NORMAL, Ill. (WEEK) — The National Institutes of Health are granting nearly $300,000 to an Illinois State University researcher to look into the links between the immune system and Alzheimer’s disease.
The grant will fund Nathan Moritmer’s research into a protein called amyloid beta, which is believed to accumulate in the brains of Alzheimer’s patients.
“The question of how the immune response influences disease progression is a fairly new area in Alzheimer’s research,” said Mortimer in a news release. “We’re hoping to add a piece to that puzzle for researchers.”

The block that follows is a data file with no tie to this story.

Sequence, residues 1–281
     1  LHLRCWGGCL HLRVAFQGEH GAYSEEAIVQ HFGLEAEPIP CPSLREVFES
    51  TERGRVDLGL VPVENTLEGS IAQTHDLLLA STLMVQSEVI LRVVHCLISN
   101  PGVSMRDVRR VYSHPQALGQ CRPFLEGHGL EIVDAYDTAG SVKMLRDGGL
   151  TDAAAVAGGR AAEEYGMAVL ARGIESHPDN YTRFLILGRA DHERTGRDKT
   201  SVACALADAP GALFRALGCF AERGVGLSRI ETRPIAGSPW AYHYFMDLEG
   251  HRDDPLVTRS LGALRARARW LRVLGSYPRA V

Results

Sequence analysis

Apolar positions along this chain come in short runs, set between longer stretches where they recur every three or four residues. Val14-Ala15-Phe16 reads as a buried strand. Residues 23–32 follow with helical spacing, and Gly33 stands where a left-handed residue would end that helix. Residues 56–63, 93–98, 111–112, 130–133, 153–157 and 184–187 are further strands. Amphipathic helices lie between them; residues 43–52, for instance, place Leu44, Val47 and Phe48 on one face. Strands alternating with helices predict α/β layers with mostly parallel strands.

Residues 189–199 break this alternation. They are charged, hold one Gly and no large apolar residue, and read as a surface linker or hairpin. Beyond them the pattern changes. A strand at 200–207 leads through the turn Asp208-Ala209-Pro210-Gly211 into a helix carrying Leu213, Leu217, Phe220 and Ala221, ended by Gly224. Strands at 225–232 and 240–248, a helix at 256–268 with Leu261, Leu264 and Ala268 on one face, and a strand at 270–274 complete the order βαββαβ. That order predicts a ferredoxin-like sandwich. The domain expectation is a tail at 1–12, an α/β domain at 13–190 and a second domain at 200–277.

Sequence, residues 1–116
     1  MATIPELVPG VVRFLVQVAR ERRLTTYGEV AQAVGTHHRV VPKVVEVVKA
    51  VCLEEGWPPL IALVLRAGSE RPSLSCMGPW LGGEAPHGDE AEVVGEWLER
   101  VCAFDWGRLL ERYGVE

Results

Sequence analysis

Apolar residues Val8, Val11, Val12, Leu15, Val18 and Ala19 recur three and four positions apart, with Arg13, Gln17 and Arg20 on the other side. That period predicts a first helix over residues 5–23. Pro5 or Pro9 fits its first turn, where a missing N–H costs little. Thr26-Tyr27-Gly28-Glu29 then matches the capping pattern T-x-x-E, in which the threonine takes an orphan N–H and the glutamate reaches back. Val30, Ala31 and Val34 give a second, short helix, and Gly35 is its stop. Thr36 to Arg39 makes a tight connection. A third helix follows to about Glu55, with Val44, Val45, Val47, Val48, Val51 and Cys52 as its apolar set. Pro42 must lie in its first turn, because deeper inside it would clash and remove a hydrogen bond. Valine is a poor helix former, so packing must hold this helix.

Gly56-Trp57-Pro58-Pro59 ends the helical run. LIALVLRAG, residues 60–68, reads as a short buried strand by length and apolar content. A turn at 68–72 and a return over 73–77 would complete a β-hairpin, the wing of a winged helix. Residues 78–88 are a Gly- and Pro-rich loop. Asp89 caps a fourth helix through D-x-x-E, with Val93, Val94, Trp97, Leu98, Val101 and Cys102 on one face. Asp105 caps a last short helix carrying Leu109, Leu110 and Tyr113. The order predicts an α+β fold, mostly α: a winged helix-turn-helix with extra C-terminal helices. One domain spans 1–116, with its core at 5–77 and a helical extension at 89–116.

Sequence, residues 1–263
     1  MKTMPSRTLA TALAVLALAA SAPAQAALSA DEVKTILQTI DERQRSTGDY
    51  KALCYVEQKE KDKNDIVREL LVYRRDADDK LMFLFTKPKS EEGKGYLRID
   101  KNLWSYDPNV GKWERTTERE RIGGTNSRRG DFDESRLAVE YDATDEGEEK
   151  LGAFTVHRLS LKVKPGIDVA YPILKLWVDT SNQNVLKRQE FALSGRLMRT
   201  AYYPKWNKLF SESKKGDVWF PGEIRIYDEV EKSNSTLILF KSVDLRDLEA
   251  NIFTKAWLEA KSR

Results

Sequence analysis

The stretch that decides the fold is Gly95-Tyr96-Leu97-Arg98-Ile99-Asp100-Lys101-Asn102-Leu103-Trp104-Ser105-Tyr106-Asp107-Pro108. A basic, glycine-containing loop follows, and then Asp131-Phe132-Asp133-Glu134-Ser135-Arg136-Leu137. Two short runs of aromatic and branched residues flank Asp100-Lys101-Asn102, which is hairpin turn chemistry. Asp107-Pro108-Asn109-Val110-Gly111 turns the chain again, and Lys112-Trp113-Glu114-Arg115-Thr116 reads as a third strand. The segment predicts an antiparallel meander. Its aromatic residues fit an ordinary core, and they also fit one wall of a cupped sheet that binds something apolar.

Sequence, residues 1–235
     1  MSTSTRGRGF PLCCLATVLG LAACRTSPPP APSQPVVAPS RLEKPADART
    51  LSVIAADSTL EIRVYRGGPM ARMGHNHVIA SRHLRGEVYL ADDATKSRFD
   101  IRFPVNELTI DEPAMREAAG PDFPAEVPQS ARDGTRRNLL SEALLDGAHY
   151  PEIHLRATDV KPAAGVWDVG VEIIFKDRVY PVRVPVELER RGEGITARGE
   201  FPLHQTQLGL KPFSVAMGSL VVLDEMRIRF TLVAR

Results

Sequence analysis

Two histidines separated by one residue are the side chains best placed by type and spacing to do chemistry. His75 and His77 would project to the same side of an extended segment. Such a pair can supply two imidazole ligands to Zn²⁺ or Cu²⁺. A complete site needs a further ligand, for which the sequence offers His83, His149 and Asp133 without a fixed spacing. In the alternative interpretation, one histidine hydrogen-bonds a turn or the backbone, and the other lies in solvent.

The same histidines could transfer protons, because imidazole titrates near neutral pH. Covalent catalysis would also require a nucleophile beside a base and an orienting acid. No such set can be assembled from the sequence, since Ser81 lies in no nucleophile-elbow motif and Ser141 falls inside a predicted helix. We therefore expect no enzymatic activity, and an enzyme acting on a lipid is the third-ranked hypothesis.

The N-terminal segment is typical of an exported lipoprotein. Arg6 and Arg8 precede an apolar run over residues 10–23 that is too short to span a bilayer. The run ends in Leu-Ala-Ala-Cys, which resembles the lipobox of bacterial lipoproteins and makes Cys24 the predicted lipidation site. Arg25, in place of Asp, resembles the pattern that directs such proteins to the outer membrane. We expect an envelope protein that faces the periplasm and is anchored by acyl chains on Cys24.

Mortimer and his research team believe A-beta plays a role in the body’s “innate” immune system, or first line of defense. In an experiment, fruit flies lost their immune responses to infection when A-beta was removed. However, when human A-beta was added, the flies developed an auto-immune disorder.
“The cells started attacking the tissue in response to human A-beta,” said Mortimer. “This means the immune cells recognize A-beta, and that’s why it can trigger a response.”
The grant will also help Mortimer’s team look at a parasite that blocks the interaction of A-beta and the immune system.